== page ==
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Thursday, February 19, 2015

My Review Of “Awaken The Devil”

ATDRichard Granoble directed, highly stylized horror “Awaken The Devil” is surreal nightmare that blends classic Lovecraftian terror with graphic novel attitude. The film stars Ryan Lieske, Jason Roth, Matt Simpson Siegel, John Tuttle and Leah Vukavich. It is a somber story of evil being born into the shadows and unwashed of man’s world. Two homeless brothers seek refuge and rest in an abandoned building that serves as a gateway to Hell. Used by a satanic cult to bring the devil into the world of flesh, the building is a haven of horror.

The story was written by  O.H. Krill and is a stark, macabre piece that would make H.P. proud. There is very little dialog  leading the story from A to B, but the visual spectacle that unfolds creatively does all the story telling in a very awesome blend of live-ation, and graphic artistry. The acting is decent enough considering the weight of the film relies on mostly facial expressions, situational moments of drama, and idle, aimless chatter framed around a setting fit for Hell.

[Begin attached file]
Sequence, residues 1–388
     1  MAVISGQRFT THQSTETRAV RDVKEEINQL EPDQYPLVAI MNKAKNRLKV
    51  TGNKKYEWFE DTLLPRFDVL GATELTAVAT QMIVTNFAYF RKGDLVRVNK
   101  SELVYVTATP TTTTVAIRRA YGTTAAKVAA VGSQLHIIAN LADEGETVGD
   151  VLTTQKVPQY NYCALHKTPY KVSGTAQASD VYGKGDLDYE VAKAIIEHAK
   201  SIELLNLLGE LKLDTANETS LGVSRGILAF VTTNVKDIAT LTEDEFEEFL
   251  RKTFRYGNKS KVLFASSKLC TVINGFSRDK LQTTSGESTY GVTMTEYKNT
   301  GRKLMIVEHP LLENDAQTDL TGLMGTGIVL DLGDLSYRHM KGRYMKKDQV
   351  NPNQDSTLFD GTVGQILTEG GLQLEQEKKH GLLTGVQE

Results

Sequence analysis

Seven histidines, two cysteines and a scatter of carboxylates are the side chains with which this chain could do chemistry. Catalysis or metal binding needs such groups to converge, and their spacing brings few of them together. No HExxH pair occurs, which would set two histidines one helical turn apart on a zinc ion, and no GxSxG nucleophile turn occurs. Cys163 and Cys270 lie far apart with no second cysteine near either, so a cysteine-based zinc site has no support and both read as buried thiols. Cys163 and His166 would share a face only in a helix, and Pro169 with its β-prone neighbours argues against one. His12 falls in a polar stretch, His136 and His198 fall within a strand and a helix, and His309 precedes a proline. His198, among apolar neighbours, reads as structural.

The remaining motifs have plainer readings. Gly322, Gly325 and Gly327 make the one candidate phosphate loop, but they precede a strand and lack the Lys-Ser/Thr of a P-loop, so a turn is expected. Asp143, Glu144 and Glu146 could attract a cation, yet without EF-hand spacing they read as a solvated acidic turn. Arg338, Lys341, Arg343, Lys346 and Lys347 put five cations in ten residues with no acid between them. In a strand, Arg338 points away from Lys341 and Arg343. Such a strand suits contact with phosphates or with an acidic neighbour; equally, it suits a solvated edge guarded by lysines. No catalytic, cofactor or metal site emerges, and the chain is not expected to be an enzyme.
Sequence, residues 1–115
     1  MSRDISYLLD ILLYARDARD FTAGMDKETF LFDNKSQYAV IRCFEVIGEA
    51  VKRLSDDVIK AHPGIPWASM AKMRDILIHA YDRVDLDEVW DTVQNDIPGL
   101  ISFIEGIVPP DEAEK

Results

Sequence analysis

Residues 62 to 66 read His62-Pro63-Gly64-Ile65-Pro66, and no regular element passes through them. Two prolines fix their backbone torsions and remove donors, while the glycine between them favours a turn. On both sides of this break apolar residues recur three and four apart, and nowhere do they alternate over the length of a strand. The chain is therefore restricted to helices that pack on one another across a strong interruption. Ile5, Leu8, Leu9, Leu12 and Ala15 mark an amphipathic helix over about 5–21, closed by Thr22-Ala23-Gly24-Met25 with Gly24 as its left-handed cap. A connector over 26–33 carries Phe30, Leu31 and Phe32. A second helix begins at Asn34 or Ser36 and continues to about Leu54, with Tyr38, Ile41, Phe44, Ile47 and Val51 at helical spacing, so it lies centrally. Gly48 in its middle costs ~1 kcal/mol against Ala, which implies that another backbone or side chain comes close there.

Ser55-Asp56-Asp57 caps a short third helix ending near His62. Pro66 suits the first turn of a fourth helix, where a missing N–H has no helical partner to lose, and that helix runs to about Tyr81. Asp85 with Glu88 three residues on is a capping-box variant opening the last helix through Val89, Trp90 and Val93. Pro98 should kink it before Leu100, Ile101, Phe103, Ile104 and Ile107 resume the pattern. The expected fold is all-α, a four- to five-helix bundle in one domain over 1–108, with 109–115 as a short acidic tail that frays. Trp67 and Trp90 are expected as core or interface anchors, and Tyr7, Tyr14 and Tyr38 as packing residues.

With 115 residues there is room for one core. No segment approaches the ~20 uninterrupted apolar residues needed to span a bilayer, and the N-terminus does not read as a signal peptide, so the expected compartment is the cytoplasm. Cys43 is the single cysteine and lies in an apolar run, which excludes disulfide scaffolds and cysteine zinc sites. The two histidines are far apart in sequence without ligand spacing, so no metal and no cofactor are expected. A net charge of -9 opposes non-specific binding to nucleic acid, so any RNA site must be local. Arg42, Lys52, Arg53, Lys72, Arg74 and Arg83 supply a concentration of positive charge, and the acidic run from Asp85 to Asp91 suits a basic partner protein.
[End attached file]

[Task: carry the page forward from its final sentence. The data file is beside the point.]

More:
The special effects and graphic artistry are superb. I love this blended style of story telling in both horror and sci-fi. It is creative, entertaining, and holds endless possibilities for story telling. In films like “Awaken The Devil” the CGI is easier to enjoy if it is almost all of the film such as seen here. The cinematography and direction stay controlled and motionless, focused on framed-scenes that really pull you into the film. The soundtrack, effects and instrumental tones create a heartfelt, emotional atmosphere that is a blend of depressing and creepy.

Overall the graphic art backdrops and CGI blend that make “Awaken The Devil” look like a graphic novel come to life takes precedence over the actual story content. Most of what happens in the film could have been wrapped up in a twenty minute short film and been just as effective. Having a simple situation stretched out into a feature length scenario causes the energy and story effectiveness to weaken and become dull midway through. There isn’t enough action or theatrics picking up some much needed energy. It becomes a bit boring after 50-or so- minutes. Still you can’t ignore the beauty and talent of “Awaken The Devil”, in both style and artistry.
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